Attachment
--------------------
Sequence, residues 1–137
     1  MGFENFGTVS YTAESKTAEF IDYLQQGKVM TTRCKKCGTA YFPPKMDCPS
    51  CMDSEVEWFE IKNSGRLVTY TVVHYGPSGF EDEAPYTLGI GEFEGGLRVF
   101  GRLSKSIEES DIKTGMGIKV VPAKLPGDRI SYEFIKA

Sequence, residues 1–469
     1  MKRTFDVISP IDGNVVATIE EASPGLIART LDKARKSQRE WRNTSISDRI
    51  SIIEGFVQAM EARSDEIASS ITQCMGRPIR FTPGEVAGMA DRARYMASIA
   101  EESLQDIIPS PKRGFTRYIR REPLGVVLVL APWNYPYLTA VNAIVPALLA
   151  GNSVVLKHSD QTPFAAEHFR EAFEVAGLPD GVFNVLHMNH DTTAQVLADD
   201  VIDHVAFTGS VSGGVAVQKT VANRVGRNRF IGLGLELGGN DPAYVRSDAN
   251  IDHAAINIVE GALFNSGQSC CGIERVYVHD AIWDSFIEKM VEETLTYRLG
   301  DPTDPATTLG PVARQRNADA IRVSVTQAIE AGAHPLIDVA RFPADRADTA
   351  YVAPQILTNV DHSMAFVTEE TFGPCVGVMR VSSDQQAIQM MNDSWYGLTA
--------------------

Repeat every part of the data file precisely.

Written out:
Sequence, residues 1–137
     1  MGFENFGTVS YTAESKTAEF IDYLQQGKVM TTRCKKCGTA YFPPKMDCPS
    51  CMDSEVEWFE IKNSGRLVTY TVVHYGPSGF EDEAPYTLGI GEFEGGLRVF
   101  GRLSKSIEES DIKTGMGIKV VPAKLPGDRI SYEFIKA

Sequence, residues 1–469
     1  MKRTFDVISP IDGNVVATIE EASPGLIART LDKARKSQRE WRNTSISDRI
    51  SIIEGFVQAM EARSDEIASS ITQCMGRPIR FTPGEVAGMA DRARYMASIA
   101  EESLQDIIPS PKRGFTRYIR REPLGVVLVL APWNYPYLTA VNAIVPALLA
   151  GNSVVLKHSD QTPFAAEHFR EAFEVAGLPD GVFNVLHMNH DTTAQVLADD
   201  VIDHVAFTGS VSGGVAVQKT VANRVGRNRF IGLGLELGGN DPAYVRSDAN
   251  IDHAAINIVE GALFNSGQSC CGIERVYVHD AIWDSFIEKM VEETLTYRLG
   301  DPTDPATTLG PVARQRNADA IRVSVTQAIE AGAHPLIDVA RFPADRADTA
   351  YVAPQILTNV DHSMAFVTEE TFGPCVGVMR VSSDQQAIQM MNDSWYGLTA